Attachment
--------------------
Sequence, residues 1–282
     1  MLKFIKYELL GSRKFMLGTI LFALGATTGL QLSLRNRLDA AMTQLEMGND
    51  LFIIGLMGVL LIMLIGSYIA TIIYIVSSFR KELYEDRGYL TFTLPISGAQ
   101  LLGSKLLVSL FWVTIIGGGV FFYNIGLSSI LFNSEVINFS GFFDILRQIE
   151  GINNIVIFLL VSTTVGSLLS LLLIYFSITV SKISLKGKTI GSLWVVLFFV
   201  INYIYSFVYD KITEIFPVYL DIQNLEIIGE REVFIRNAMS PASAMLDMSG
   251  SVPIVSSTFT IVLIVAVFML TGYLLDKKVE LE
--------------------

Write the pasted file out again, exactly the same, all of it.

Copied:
Sequence, residues 1–282
     1  MLKFIKYELL GSRKFMLGTI LFALGATTGL QLSLRNRLDA AMTQLEMGND
    51  LFIIGLMGVL LIMLIGSYIA TIIYIVSSFR KELYEDRGYL TFTLPISGAQ
   101  LLGSKLLVSL FWVTIIGGGV FFYNIGLSSI LFNSEVINFS GFFDILRQIE
   151  GINNIVIFLL VSTTVGSLLS LLLIYFSITV SKISLKGKTI GSLWVVLFFV
   201  INYIYSFVYD KITEIFPVYL DIQNLEIIGE REVFIRNAMS PASAMLDMSG
   251  SVPIVSSTFT IVLIVAVFML TGYLLDKKVE LE